Monday, Jan. 17, 2011
Posted: 4:54 PM
By John Mullin
In the second installment of a special three-part series, CSNChicago.com is the No. 1 factor favoring the Bears.
General manager Jerry Angelo always has identified quarterback, running back and a pass-rushing defensive lineman as the true franchise positions in football. The quarterback position, even with Jay Cutler playing as well as he has over the second half of this season and through Sundays win over Seattle, rates as the No. 1 advantage area favoring the Packers.
READ: Why do Packers hold QB advantage?
But what about the second franchise position in Angelos trilogy?
Running back: Forte over Starks
The philosophical course correction undergone mid-season by the Chicago offense proved to be a case of NFL addition by subtraction. The Bears not only made sure they saw less of Cutler passing; they made sure they saw more of Matt Forte.
After just two 100-yard rushing games as a team in the first seven, the Bears had eight games of 100 or more yards over the final nine. Not coincidentally, seven of those nine were wins.
The prime beneficiary, besides an offensive line that was struggling in pass protection and turned more toward run blocking, was Forte. The tailback had exactly two games with 100 or more yards of total offense in the first seven; he had five in the final nine plus the Minnesota game with 98.
Forte finished the season with eight games in which he accumulated 100 yards of offense. The Bears were 7-1 in those games.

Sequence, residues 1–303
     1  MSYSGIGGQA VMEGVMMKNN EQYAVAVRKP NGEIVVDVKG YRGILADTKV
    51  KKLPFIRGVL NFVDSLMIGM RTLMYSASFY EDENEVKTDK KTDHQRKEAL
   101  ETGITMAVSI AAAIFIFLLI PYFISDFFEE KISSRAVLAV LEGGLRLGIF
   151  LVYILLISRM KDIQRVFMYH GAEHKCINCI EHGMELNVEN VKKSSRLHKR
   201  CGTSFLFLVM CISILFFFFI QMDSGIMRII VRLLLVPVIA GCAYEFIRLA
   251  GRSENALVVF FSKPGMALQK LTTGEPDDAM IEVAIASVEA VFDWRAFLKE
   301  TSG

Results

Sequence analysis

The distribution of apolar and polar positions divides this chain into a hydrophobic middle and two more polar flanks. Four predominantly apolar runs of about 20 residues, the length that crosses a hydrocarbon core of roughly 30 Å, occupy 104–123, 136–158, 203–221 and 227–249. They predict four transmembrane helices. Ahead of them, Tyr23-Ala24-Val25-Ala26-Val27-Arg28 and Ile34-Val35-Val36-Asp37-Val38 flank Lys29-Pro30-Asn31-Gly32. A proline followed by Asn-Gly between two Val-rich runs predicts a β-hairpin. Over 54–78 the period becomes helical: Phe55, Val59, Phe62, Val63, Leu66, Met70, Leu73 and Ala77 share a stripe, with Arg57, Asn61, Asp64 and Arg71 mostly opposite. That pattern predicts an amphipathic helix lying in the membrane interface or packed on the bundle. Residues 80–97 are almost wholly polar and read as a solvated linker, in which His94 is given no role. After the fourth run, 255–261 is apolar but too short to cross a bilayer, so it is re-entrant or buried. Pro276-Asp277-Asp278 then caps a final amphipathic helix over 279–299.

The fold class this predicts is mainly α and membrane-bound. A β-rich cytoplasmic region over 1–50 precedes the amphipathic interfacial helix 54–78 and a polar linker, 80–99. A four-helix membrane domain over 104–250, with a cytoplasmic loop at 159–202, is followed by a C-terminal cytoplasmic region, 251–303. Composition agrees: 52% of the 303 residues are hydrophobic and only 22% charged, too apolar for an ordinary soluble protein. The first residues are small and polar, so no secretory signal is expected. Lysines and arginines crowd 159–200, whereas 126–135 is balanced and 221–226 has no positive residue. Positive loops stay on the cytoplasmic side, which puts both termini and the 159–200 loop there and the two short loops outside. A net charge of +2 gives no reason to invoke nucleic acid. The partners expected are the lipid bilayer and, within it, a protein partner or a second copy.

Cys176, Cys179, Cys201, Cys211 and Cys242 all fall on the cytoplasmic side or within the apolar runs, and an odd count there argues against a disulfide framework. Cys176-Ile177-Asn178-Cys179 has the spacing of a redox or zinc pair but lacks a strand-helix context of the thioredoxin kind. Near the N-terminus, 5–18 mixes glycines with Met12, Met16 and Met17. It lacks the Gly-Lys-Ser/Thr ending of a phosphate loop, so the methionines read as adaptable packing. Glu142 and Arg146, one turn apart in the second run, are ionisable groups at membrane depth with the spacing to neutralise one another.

WATCH: How to beat Green Bay
Fortes rushing average ticked up to a career-best 4.5 per carry and his 51 receptions accounted for an additional 547 yards to go with his 1,069 on the ground.
In five games this season Forte led or tied for team-high in pass receptions.
He just does such a great job with the football, making cuts, making catches, making people miss, said right guard Roberto Garza. Matt is a great back, maybe the best all-around back in the league. He works hard and you want to work hard for a guy like Matt.
Life after Grant?
The Packers lost Ryan Grant to an ankle injury the first week and he hasnt played all season. Of course, that didnt mean he couldnt weigh in with a Tweet on Monday that Packers fans could comfortably start making their reservations for Dallas on that first weekend in February.
Grant will be along for the ride but the Packers will be expecting a bit more from James Starks, the 2010 sixth-round draft choice who broke out for 123 rushing yards against Philadelphia.
Starks, who opened the season on the PUP list and didnt play in the first 11 games of the season, had a pedestrian 20 rushing yards against the Bears in Green Bays season-ending win to reach the playoffs. He managed all of 66 yards in 25 carries against the Atlanta Falcons.
Starks has really given them a boost with their running game, coach Lovie Smith said, without elaboration.
The Packers had just one 100-yard rushing performance by a back during the regular season, when Brandon Jackson gained 115 yards in a mid-season loss to the Washington Redskins.
Even with Starks performance, Green Bay is averaging 3.7 yards per carry through two playoff games. The Packers have as many rushing fumbles (2) as touchdowns.
Forte and Starks are about the same size: 6-2, 218 pounds. That is where the similarities end. Forte has emerged as one of the top all-around backs in the NFC as both a runner and receiver, with the capability of forcing defenses to devote resources to stopping him instead of assaulting Cutler.
Next: CSNChicago.com breaks down the defenses of Green Bay and Chicago, two of the NFLs best, and whether the Packers or Bears hold an edge in this crucial game-decider...
John "Moon" Mullin is CSNChicago.com's Bears Insider, and appears regularly on Bears Postgame Live and Chicago Tribune Live. Follow Moon on Twitter for up-to-the-minute Bears information.